One person CAN make a difference. One event CAN raise awareness.
Want to learn more about autism and help raise awareness and funds for autism research and related programs?
ASA has posted Eight ways you can celebrate National Autism Awareness Month.
1Power4Autism is described as "a grassroots event program for the Autism Society of America to increase awareness, raise funds, and expand volunteers for national and local autism support programs."
Cynthia Lord highly recommends http://www.thejointlibrary.org/autism/ - She says it's a great resource for librarians.
Many fictional books address autism. Here are a few I recommend for kids and teens - and adults, and families, and libraries!
Rules by Cynthia Lord
The Baby-Sitters Club #32: Kristy and the Secret of Susan by Ann M. Martin
Inside Out by Ann M. Martin (this stand-alone novel is not related to BSC)
Anything But Typical by Nora Raleigh Baskin
Al Capone Does My Shirts by Gennifer Choldenko
A Wizard Alone by Diane Duane (sixth in the fantastic Young Wizards series)
Are You Alone on Purpose? by Nancy Werlin
Adults might want to check out The Curious Incident of the Dog in the Night-time by Mark Haddon. I have yet to read it, but I am including it here because friends and co-workers strongly recommend it.
My dear friend Lorie Ann Grover offered a recommendation for a non-fiction book for adults: Too Wise to Be Mistaken, Too Good to Be Unkind by Cathy Steere. Lorie Ann says, "It does have a strong Christian perspective with reformed theology." Being non-religious myself, I appreciate this note.
A close friend recommends Let Me Hear Your Voice by Catherine Maurice, a memoir. She said it "rings very true when it comes to describing the effect of Applied Behavior Analysis (the tested training needed to make autistic kids learn behavioral and language skills) on a family."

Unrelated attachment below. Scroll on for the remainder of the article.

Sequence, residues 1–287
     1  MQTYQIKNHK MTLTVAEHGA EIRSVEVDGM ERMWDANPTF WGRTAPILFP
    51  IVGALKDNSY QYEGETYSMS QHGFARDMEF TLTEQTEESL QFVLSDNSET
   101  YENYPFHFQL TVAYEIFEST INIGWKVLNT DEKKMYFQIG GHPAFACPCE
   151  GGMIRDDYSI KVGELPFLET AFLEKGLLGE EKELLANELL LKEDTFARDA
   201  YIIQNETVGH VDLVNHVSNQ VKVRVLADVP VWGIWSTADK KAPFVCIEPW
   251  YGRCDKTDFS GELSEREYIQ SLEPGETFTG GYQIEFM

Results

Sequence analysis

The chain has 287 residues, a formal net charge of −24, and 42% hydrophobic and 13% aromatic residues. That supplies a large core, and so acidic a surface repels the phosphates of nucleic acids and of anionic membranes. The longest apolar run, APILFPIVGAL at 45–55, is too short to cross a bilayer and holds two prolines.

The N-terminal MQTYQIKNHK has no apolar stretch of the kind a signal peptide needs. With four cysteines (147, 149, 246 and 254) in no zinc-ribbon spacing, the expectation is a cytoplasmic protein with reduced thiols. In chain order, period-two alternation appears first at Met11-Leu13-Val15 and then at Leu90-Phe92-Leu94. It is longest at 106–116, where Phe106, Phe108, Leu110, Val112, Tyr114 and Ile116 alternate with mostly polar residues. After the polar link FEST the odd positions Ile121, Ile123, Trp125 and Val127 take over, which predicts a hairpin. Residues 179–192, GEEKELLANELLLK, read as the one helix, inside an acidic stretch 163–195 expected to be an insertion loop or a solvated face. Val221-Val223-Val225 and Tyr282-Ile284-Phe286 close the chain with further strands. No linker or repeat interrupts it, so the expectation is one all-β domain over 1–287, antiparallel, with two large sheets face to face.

Another very close friend recommends All Cats Have Asperger Syndrome by Kathy Hoopmann and anything written by Dr. Temple Grandin. "Autism and Asperger's are both part of a larger group of disorders called Pervasive Developmental Disorders," she explains. "I think it's important, too, to emphasize that this is a spectrum. Some people with autism don't speak. Some seem almost entirely normal but just come off as being a little strange."
Cynthia Lord's adorable children's novel, Rules, was inspired by her son's autism. I interviewed her at length back in 2006 and we've been in touch ever since. Back then, she offered various book recommendations, including A Slant of Sun: One Child's Courage by Beth Kephart, "a beautifully-written and moving account of the author's life with her own son with autism."
She also had this to say: "Words define things, but when it comes to people, we are always more than any word, any label -- a greater whole than all our bits and pieces. We 'are,' and that is enough. Nowhere is that more true than in people with autism."